Law, Order, and Algorithms

Data and algorithms are rapidly transforming law enforcement and the criminal legal system, including how police officers are deployed, how discrimination is detected, and how sentencing, probation, and parole terms are set. Modern computational and statistical methods offer the promise of greater efficiency, equity, and transparency, but their use also raises complex legal, social, and ethical questions. In this course, we examine the often subtle relationship between law, public policy, and technology, drawing on recent court decisions, and applying methods from machine learning and game theory. We survey the legal and ethical principles for assessing the equity of algorithms, describe computational techniques for designing fairer systems, and consider how anti-discrimination law and the design of algorithms may need to evolve to account for machine bias. Concepts will be developed in part through guided in-class coding exercises, though prior programming experience is not necessary.


Sharad Goel [ email ]
Office Hours: Please sign-up for an appointment

TF: Hans Gaebler [ email ]
Office Hours: Tuesdays @ 12:00-2:00pm in Shorenstein 2313C

CA: Oscar Boochever [ email ]
Office Hours: Mondays and Wednesdays @ 12:00-1:00pm via Zoom


Lecture: Mondays and Wednesdays @ 10:30-11:45pm in Rubenstein 304
Discussion section: Fridays @ 10:30-11:45pm in Littauer 332

On-time attendance at lectures is required. Our aim is to create a collaborative and supportive learning environment. One of the best ways to learn the course material is to engage with the lectures by asking questions. If you need to miss a class or will be late, please email the instructors prior to the lecture.

Please do not use electronics (laptops, tablets, phones) during the lecture and discussion components of class. However, please do bring your laptops to every class session, as there will often be in-class coding and analysis exercises. We’re happy to make exceptions in special circumstances.


It is our intent that all students, regardless of their backgrounds or perspectives, be well served by this course, that students’ learning needs be addressed both in and out of class, and that the diversity that students bring to this class be viewed as a resource, strength, and benefit. We aim to present materials and conduct activities in ways that are respectful of this diversity. Your suggestions are encouraged and appreciated.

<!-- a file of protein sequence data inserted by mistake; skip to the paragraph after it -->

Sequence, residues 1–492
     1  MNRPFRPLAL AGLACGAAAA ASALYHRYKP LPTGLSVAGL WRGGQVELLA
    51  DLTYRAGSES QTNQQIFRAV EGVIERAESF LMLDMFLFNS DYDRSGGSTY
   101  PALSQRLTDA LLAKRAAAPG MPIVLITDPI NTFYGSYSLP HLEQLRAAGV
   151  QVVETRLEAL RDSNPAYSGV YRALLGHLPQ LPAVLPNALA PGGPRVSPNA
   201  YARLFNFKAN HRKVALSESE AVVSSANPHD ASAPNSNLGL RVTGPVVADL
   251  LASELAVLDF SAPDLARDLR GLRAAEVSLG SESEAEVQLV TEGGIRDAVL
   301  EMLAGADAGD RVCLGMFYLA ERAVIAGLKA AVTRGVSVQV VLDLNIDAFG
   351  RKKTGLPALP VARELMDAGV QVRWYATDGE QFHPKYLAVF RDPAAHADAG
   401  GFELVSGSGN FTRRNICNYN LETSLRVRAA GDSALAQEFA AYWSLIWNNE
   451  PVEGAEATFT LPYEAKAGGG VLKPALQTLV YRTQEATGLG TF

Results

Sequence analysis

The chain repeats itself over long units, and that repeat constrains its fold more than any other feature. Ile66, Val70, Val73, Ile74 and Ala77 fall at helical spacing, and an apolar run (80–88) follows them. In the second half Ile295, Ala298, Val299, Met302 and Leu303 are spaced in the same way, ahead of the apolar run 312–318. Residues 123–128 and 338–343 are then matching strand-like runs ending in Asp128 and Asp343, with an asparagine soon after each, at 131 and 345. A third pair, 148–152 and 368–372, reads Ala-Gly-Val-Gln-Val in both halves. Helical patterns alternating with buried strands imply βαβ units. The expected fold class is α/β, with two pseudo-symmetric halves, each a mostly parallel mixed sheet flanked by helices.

Grades are based on class participation and a final project. Specifically, the various components of the course are weighted as follows:

Final projects

Final projects should be conducted in teams of 3-5 students. The expectation is to complete a research paper (approximately 10 single-spaced pages) and presentation (approximately 5 minutes) that engage critically with the equity of human or algorithmic decisions. Projects can be empirical, legal, sociological, or, ideally, a combination of all of these. Projects can address issues beyond the criminal-legal system but they should build upon the ideas we discuss in class. These projects are opportunities for you to examine a wider range of techniques, domains, and/or legal principles than we are able to cover in the class lectures.

In-class presentations will be held on Monday, April 22 and Wednesday, April 24, and final papers are due on Monday, April 29.

[ Tentative ] Syllabus

The slides and labs below integrate material from past iterations of this course that I have taught over the last several years. They were developed in collaboration with and incorporate feedback from many people, including: Alex Chohlas-Wood, Madison Coots, Josh Grossman, Daniel E. Ho, Jongbin Jung, Jerry Lin, Julian Nyarko, Cheryl Phillips, Hao Sheng, Amy Shoemaker, Ravi Shroff, Sabina Tomkins, and Keniel Yao.